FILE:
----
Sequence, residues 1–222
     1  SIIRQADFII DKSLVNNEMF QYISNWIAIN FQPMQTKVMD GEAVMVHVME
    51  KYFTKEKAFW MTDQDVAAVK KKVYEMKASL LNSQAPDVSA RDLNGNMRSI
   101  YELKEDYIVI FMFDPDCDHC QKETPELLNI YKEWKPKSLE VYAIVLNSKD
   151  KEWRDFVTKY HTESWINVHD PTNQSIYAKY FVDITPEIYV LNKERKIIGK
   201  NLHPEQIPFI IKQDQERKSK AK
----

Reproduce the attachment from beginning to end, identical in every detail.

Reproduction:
Sequence, residues 1–222
     1  SIIRQADFII DKSLVNNEMF QYISNWIAIN FQPMQTKVMD GEAVMVHVME
    51  KYFTKEKAFW MTDQDVAAVK KKVYEMKASL LNSQAPDVSA RDLNGNMRSI
   101  YELKEDYIVI FMFDPDCDHC QKETPELLNI YKEWKPKSLE VYAIVLNSKD
   151  KEWRDFVTKY HTESWINVHD PTNQSIYAKY FVDITPEIYV LNKERKIIGK
   201  NLHPEQIPFI IKQDQERKSK AK